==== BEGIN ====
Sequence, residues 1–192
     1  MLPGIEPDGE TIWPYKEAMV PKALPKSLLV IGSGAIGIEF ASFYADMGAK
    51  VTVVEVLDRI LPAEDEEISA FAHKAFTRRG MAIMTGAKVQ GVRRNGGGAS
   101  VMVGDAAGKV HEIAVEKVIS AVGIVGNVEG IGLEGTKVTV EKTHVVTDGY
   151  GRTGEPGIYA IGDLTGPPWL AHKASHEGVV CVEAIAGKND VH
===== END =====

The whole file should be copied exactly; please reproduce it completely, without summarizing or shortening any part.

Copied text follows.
Sequence, residues 1–192
     1  MLPGIEPDGE TIWPYKEAMV PKALPKSLLV IGSGAIGIEF ASFYADMGAK
    51  VTVVEVLDRI LPAEDEEISA FAHKAFTRRG MAIMTGAKVQ GVRRNGGGAS
   101  VMVGDAAGKV HEIAVEKVIS AVGIVGNVEG IGLEGTKVTV EKTHVVTDGY
   151  GRTGEPGIYA IGDLTGPPWL AHKASHEGVV CVEAIAGKND VH